Whenever I did anything that was considered wrong after that I had to go to the cellar, where I was stripped naked, my hands tied to a beam over head, and my feet to a post, and then I was whipped by master till the blood ran down to my heels. This he continued to do every week, for my mistress would always find something to complain of, and he had to be the servant of her will and passion for human blood. At last he became disgusted with himself and ceased the cruel treatment. I heard him tell her one day - after he had got through inflicting the corporal punishment - that he would not do it any more to gratify her.
(5) Elizabeth Keckley, Thirty Years a Slave (1868)
When I was about fourteen years old I went to live with my master's eldest son, a Presbyterian minister. His salary was small, and he was burdened with a helpless wife, a girl that he had married in the humble walks of life. She was morbidly sensitive, and imagined that I regarded her with contemptuous feelings because she was of poor parentage. I was their only servant, and a gracious loan at that. They were not able to buy me, so my old master sought render them assistance by allowing them the benefit of my services. From the very first I did the work of three servants, and yet I was scolded and regarded with distrust.
The years passed slowly, and I continued to serve them, and at the same time grew into strong, healthy womanhood. I was nearly eighteen when we removed from Virginia to Hillsboro', North Carolina, where young Mr. Burwell took charge of a church. The salary was small, and we still had to practise the closest economy. Mr. Bingham, a hard, cruel man, the village schoolmaster, was a member of my young master's church, and he was a frequent visitor to the parsonage. She whom I called mistress seemed to be desirous to wreak vengeance on me for something, and Bingham became her ready tool.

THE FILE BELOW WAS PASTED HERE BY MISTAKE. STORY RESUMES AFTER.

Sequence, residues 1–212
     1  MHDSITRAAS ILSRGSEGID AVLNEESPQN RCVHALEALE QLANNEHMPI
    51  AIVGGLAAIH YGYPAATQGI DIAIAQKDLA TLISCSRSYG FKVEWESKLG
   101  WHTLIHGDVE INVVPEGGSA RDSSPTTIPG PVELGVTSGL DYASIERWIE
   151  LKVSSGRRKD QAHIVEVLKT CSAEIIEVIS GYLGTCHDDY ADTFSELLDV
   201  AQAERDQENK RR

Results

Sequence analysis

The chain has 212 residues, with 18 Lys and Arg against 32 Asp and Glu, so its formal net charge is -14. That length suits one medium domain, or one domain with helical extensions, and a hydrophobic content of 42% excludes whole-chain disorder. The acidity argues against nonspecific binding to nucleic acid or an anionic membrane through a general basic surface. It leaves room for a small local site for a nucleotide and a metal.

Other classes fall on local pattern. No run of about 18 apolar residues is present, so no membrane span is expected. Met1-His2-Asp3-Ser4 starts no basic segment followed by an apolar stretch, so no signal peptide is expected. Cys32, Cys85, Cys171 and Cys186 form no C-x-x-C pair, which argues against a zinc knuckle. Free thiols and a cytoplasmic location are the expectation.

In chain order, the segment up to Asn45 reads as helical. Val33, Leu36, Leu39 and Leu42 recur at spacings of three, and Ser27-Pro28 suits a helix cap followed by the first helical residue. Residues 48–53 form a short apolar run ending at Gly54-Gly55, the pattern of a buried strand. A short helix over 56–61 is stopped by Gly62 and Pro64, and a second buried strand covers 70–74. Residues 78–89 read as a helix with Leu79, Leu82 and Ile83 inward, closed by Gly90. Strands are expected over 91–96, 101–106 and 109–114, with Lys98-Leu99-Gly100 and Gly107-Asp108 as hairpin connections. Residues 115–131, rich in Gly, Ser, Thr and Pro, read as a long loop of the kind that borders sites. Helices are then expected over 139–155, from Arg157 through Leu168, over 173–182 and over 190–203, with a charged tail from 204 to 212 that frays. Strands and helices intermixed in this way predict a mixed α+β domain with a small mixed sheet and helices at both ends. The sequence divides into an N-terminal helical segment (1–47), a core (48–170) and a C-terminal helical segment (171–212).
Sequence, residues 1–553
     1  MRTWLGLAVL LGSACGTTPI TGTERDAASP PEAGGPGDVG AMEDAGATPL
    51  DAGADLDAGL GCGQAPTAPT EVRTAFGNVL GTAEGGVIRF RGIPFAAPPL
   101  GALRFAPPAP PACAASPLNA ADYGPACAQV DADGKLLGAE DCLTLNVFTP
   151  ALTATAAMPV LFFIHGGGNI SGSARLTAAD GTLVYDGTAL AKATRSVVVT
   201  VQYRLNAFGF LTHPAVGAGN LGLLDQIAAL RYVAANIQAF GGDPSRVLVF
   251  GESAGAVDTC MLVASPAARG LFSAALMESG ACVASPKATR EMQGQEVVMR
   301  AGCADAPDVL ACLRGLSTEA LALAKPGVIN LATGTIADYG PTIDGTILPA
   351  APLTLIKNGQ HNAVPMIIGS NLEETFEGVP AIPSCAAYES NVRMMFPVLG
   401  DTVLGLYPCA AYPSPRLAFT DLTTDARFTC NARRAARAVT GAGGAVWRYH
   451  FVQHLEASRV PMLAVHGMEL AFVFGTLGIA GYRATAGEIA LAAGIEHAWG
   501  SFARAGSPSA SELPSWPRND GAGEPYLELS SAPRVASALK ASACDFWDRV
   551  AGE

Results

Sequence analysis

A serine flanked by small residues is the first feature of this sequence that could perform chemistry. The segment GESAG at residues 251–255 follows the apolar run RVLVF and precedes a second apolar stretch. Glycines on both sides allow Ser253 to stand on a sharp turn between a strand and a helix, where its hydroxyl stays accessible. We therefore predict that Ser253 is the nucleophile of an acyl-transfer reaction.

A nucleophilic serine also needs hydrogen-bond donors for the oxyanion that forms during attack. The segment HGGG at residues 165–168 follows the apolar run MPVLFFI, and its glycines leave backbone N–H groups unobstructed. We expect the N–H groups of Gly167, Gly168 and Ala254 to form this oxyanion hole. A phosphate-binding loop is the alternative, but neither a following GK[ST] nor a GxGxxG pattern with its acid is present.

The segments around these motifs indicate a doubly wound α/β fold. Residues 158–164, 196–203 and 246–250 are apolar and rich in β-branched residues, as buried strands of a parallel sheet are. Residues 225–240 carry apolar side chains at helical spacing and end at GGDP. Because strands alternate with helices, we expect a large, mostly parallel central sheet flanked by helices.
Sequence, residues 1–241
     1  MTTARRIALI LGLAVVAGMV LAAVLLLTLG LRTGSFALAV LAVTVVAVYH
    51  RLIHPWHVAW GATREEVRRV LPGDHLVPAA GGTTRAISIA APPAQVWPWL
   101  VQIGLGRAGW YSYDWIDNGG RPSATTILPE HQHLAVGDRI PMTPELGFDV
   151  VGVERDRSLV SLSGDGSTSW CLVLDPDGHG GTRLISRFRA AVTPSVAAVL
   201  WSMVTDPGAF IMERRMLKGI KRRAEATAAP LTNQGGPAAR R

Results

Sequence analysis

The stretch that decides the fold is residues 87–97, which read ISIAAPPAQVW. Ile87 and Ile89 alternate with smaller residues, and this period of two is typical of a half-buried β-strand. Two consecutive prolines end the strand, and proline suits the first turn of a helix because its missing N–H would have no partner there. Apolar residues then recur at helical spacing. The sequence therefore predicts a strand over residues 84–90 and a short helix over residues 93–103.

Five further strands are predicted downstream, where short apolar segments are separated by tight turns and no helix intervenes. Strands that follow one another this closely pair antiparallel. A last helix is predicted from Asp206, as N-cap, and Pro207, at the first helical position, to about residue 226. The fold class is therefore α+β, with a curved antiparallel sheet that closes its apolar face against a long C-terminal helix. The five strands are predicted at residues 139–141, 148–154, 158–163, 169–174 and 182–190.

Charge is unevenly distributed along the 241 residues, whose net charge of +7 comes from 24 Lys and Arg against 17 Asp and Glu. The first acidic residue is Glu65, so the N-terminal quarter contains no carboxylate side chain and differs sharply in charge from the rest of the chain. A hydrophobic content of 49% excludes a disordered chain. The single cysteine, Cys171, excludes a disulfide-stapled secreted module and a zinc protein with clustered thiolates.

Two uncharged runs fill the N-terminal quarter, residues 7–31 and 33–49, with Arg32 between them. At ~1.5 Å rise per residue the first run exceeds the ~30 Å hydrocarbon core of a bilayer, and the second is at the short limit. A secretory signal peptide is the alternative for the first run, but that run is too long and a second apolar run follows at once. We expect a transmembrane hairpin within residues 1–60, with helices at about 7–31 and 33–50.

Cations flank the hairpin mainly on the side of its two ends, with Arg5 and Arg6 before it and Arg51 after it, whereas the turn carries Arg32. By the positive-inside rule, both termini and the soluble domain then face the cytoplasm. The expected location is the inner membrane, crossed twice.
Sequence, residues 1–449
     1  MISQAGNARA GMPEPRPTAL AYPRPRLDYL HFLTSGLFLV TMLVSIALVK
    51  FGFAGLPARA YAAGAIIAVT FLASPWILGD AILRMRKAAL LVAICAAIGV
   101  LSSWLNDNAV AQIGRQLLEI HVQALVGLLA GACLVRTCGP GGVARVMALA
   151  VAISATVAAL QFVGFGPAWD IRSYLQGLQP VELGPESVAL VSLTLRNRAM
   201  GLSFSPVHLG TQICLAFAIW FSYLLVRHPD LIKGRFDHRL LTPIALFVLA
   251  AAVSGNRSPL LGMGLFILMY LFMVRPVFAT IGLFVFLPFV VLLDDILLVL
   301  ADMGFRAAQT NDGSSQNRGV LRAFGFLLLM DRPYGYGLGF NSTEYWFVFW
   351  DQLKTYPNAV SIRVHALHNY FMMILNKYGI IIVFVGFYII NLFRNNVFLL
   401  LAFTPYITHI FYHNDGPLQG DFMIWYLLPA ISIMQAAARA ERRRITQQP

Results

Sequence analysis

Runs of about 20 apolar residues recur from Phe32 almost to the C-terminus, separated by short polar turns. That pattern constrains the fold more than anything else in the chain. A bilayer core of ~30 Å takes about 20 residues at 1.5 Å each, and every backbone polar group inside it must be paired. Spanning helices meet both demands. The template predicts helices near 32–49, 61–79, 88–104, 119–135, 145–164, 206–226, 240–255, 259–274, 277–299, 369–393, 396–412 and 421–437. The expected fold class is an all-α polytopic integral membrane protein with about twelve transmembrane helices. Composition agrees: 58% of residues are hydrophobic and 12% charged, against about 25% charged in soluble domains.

During this time my master was unusually kind to me; he was naturally a good-hearted man, but was influenced by his wife. It was Saturday evening, and while I was bending over the bed, watching the baby that I had just hushed into slumber, Mr. Bingham came to the door and asked me to go with him to his study. Wondering what he meant by his strange request, I followed him, and when we had entered the study he closed the door, and in his blunt way remarked: "Lizzie, I am going to flog you." I was thunderstruck, and tried to think if I had been remiss in anything. I could not recollect of doing anything to deserve punishment, and with surprise exclaimed: "Whip me, Mr. Bingham! what for?"
"No matter," he replied, "I am going to whip you, so take down your dress this instant."
Recollect, I was eighteen years of age, was a woman fully developed, and yet this man coolly bade me take down my dress. I drew myself up proudly, firmly, and said: "No, Mr. Bingham, I shall not take down my dress before you. Moreover, you shall not whip me unless you prove the stronger. Nobody has a right to whip me but my own master, and nobody shall do so if I can prevent it."